A year after a vintage World War II fighter fell out of the sky, killing 10 spectators and the pilot, the National Championship Air Races in Reno have resumed -- with a greater emphasis on safety.
This year’s version of the races -- the 49th annual edition -- kicked off this week. The event usually brings out some 200,000 spectators and is worth $80 million to the Reno area, according to the group’s website. Vintage planes will be racing at speeds of 500 mph in what promoters call "The World’s Fastest Motorsport.”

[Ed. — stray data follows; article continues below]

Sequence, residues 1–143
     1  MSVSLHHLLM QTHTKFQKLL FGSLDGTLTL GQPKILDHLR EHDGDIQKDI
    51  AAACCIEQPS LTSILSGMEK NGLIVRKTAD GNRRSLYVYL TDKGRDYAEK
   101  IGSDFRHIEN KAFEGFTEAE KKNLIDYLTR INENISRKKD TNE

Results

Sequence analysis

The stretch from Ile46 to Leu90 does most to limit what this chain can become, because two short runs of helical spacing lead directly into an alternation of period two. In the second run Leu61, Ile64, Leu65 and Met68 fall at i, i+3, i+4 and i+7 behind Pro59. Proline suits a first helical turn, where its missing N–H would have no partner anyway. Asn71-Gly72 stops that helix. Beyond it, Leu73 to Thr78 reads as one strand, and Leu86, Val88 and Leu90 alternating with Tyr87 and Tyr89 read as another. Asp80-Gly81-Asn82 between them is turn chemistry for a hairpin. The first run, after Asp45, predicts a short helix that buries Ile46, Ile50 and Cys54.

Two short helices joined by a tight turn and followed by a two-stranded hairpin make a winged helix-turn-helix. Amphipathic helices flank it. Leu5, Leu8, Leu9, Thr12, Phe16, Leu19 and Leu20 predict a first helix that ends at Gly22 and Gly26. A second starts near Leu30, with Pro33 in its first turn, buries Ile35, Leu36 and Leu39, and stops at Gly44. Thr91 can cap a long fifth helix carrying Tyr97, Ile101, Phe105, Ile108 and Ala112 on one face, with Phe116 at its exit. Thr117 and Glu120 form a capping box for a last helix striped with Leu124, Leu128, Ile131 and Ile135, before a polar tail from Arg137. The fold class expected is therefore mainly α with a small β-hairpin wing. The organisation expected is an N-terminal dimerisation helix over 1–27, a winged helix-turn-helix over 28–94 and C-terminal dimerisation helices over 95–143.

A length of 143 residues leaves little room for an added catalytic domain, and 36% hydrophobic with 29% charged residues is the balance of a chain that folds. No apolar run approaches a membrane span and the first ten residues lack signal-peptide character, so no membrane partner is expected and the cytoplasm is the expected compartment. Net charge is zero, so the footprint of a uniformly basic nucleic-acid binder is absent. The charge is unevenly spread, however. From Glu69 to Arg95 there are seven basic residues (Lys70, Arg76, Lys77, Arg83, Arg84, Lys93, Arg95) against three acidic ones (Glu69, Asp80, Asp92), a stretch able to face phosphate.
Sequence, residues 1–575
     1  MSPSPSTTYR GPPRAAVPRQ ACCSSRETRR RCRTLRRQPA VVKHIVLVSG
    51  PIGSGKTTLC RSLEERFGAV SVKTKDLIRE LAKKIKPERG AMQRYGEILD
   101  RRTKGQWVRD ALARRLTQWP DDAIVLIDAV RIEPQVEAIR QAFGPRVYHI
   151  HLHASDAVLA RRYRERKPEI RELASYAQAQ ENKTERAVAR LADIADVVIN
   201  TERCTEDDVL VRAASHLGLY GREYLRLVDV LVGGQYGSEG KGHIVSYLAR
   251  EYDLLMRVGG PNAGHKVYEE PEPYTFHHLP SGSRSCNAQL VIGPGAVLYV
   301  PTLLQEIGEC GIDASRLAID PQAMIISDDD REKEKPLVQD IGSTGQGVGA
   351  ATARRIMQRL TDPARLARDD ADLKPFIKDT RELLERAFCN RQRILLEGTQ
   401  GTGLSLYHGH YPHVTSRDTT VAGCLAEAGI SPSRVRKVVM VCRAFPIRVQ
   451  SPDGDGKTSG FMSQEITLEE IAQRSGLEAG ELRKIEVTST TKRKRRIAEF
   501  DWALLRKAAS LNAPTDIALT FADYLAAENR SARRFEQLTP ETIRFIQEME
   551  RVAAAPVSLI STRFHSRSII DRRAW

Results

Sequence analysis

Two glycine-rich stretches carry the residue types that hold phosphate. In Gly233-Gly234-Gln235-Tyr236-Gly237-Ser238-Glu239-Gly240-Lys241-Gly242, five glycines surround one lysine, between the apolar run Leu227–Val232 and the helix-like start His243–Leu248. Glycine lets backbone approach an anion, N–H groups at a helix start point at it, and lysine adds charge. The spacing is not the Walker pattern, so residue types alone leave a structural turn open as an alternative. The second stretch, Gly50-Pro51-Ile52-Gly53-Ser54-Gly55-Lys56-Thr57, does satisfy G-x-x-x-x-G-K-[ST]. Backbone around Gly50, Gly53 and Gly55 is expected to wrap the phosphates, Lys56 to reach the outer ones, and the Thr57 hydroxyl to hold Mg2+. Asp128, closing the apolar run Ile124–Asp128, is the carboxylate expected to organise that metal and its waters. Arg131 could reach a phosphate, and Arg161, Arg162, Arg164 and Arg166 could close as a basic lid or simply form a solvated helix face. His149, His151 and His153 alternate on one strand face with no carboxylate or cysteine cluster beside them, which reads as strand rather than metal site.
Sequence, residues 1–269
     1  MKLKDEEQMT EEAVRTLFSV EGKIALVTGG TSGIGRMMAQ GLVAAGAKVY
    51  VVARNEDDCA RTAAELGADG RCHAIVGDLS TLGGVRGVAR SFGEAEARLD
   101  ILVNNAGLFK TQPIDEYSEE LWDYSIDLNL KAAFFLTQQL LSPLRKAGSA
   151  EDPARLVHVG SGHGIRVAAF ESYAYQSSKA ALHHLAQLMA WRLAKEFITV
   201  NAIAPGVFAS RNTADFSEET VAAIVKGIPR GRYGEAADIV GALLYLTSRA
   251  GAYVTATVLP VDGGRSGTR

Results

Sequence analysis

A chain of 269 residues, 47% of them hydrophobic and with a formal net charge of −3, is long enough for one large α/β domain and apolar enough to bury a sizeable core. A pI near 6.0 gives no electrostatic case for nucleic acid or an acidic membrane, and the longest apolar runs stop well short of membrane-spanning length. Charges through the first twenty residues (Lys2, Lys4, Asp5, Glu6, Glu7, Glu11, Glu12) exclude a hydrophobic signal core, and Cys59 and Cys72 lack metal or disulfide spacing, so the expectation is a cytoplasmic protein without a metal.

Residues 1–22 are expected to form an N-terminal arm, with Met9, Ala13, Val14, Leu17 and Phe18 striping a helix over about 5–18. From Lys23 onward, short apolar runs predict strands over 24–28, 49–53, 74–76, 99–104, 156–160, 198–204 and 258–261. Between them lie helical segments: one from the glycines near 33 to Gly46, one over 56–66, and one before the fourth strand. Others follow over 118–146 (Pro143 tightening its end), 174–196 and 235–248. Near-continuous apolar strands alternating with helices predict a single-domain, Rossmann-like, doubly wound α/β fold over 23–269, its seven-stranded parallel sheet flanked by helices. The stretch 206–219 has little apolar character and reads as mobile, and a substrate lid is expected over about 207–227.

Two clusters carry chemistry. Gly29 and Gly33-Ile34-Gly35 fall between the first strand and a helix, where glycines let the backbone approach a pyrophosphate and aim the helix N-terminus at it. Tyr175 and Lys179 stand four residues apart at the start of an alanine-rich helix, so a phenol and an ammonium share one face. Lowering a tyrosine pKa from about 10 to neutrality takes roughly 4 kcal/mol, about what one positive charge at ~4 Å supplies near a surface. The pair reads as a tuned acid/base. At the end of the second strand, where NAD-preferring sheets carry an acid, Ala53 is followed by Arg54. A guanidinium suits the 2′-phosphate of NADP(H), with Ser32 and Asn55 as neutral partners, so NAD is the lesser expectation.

It was on the afternoon of Sept. 16 when the Galloping Ghost, a modified P-51 Mustang piloted by Jimmy Leeward, flew out of control then crashed into the box seats near a grandstand. Seventy people were injured.
Dr. Anne Courtney, an emergency room specialist from Seattle who was at the races last year, helped treat the wounded after the crash. She told the Associated Press that she will be coming back this year.
“We are going to be sitting there in our same box seats we've been in now for the last 20 years. It's kind of like a big reunion. I have no apprehension whatsoever,” she said.